26 Jan Performance over price
Customer demand for better quality cameras to cope with emerging security threats is growing, say leading developers. SME reports.
In the Middle East the CCTV purchasing trend over the last few months has been an encouraging one, according to leading manufacturers who are predicting a buoyant market for the next year at least. Whereas the focus, until relatively recently, was on price now there is a definite emphasis on performance.
Good technology is being specified over cheap technology in the expectation that it will prove to be more effective and better value over its lifetime. Philip Antonio, Mobotix’s sales director for the region, says specifiers now are looking for both reliability and innovation in cameras, more than they were even just three or four years ago.
“The market went through a period where customers were looking for low end solutions to meet budgets and therefore they were prioritising short term price over long term performance. But as the reliability and performance of those cheaper systems proved not to be so good security planners found that the lifetime cost of what they installed was actually higher than if they’d invested more in the first place.”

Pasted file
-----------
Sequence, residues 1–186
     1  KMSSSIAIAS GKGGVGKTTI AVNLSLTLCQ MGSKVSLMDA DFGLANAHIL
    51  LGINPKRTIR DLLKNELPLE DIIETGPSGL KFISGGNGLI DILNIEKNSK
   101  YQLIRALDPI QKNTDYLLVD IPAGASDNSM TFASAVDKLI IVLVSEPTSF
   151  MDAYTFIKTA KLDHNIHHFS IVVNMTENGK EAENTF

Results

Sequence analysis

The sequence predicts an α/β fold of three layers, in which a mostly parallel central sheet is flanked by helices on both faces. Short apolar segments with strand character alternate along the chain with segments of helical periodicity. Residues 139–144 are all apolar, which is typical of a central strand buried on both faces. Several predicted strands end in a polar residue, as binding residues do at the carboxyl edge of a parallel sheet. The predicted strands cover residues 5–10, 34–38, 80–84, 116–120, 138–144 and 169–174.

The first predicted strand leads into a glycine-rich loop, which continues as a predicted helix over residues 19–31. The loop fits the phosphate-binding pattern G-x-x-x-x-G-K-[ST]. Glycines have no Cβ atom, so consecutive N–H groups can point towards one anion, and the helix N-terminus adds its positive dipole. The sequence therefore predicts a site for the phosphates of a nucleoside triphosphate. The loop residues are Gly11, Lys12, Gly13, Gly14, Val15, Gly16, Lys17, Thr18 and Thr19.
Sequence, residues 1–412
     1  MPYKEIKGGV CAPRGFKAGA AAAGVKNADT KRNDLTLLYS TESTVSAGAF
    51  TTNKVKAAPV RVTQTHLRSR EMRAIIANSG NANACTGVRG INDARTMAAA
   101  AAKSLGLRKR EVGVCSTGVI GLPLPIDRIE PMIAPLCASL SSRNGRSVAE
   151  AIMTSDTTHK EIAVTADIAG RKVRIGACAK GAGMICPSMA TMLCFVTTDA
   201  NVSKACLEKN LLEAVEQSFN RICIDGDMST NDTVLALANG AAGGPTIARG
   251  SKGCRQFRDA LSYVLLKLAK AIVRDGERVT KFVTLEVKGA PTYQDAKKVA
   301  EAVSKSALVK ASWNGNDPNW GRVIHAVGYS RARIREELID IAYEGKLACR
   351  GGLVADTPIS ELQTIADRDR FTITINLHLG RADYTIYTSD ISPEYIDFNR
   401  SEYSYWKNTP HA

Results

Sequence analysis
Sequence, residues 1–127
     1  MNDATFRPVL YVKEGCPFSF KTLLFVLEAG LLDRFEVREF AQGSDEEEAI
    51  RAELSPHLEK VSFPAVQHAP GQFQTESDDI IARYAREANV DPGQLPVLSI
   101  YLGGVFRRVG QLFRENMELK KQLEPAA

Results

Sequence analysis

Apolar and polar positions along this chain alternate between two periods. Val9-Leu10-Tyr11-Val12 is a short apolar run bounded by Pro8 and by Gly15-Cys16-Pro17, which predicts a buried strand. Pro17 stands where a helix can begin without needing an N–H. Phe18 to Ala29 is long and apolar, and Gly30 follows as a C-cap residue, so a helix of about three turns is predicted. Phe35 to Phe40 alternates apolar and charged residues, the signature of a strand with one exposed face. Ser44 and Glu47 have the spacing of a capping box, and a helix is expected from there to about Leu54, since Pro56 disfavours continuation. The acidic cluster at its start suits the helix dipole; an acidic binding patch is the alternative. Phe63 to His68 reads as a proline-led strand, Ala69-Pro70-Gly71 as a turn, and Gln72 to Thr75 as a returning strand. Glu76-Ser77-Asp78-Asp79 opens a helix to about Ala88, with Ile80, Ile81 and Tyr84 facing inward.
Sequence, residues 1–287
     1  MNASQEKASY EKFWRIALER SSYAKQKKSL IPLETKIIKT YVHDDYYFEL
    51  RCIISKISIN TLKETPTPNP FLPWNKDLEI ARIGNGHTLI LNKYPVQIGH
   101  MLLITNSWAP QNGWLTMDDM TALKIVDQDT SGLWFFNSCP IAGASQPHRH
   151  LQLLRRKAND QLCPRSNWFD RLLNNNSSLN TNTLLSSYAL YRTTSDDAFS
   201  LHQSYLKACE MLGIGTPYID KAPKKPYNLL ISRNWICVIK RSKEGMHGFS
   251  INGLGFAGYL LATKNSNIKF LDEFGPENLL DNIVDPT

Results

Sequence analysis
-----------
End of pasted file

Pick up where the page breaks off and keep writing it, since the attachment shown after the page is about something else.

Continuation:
The shift in demand to cameras that work better and last longer has been driven by a number of factors, including greater expectation and insistence on quality from authorities across the region, he says, as well as a sharper awareness of emerging threats to systems themselves in the form of hacking.
Ettiene Van Der Watt of Axis agrees. As the company’s regional engineering & training manager he also says that customers are looking for improved value through strategic purchasing- moving away from installing cameras for the sake of it, or going for a one-sizefits-all approach and instead focusing on definite outcomes from specific camera capabilities.
He says that these days most customers are prioritising higher image quality with better usability and reduced storage. They also want better low light and WDR performance. And there is growing demand for cameras that cope well in extreme and challenging weather conditions and perform robustly in areas where vandalism is a problem.
But perhaps the most far reaching trend is the focus on edge analytics, where he says demand is also high. “It is the ability to select an application and upload it to your camera which enables data mining and using cameras beyond traditional security requirements. These would include features such as license plate recognition, people counting, queue management, facial recognition, perimeter analytics such as detecting cars, people and loitering, and sound analytics such as shouting etc.”